The East African Private Sector have urged governments to fast-track the harmonisation of East African Standards during the EABC-TMEA Regional Public Private Engagement on Standards held in Dar es Salaam, Tanzania last Sunday.
Evidence shows harmonization of standards increased the intra-trade by 10%, reduced inspection & clearance costs at the border from USD. 500 to USD. 400 and clearance days from 10 days to 0.5 days.
Harmonisation of standards significantly contributes to growth of intra-regional trade, competitiveness, protection of consumers& environment and overall trade facilitation.
To date a total of 624 indigenous standards have been adopted by EAC Partner States and a total of 1880 standards have been earmarked for harmonisation at the EAC level.
Other notable reforms include: the establishment of the Regional Standards Plan (RSP) and an Online catalogue of harmonised standards has been developed since 2021.
The National Standards Bureaus in EAC Partner States are at different levels of harmonisation of standards ranging from 65% to 90%. More specifically Burundi and South Sudan have significant administrative and capacity challenges hence yet to adopt the harmonised East African Standards.
Mr. John Bosco Kalisa, EABC CEO urged EAC Partner States to Fast-tracking adoption of the Standardisation, Accreditation and Conformity Assessment (SACA) Bill, facilitating frequent peer reviews, creating awareness and on East African Standards and involve private sector in development of the standards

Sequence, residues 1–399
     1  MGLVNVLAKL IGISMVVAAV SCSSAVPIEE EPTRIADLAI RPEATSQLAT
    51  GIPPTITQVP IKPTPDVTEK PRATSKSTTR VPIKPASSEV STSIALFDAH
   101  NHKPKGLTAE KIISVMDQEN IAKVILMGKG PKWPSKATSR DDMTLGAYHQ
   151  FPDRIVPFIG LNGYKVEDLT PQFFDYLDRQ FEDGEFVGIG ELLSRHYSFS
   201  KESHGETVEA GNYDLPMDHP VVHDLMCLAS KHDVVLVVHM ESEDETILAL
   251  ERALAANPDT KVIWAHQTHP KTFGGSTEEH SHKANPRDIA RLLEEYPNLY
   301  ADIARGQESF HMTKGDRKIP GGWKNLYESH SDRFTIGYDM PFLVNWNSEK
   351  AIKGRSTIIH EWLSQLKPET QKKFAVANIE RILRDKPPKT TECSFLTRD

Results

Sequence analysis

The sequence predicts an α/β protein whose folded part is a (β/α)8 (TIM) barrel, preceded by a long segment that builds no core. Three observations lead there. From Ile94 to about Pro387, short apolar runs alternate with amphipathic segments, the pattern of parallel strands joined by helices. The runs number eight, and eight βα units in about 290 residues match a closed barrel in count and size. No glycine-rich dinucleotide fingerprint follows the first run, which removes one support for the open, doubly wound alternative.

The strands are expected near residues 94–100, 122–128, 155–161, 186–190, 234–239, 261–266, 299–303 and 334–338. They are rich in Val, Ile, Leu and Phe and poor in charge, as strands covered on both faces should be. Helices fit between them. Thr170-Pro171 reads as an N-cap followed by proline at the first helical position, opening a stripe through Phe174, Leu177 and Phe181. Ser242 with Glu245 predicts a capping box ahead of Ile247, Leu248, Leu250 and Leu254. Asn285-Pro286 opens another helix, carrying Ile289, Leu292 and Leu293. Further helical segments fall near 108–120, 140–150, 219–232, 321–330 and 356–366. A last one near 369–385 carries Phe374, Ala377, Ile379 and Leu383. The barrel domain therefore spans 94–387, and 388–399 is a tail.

Manufacturers have further call for a demand driven and low cost approach towards standards development in EAC. The Public Private Dialogue also explored on global perspective on the use of artificial sweeteners / Nutritive and Non-Nutritive sugar in manufacture of carbonated soft drinks, juices, confectioners and dairy products (yogurt) and their interlinkages to competitiveness and innovation.
The Regional Public Private Engagement on Standards is organized under the EABC-TMEA Public Private Dialogue Project for Increased Trade & Investments in the EAC, funded by The Netherlands.
Other Key issues raised include: reduction of the multiple inspections at the border, high standardization and compliance cost especially for MSMEs and revival of the East African Business Council Standards Platform to building common positions, identify constraints, priorities and enhance capacity on standards among private sector stakeholders.
The EABC-TMEA Regional Public Private Engagement on Standards convened Officials from EAC Secretariat, National Bureau of Standards, Manufacurers Associations, Association of Burundi Industries (AIB), Tanzania Women Chamber of Commerce (TWCC), Eastern African Sub-Regional Support Initiative for the Advancement of Women (EASSI), Kenya Private Sector Alliance (KEPSA), South Sudan Chambers of Commerce Industries & Agriculture, Private Sector Foundation Uganda (PSFU), Kenya Association of Manufacturers (KAM), CocaCola, and Watercom (T) Ltd.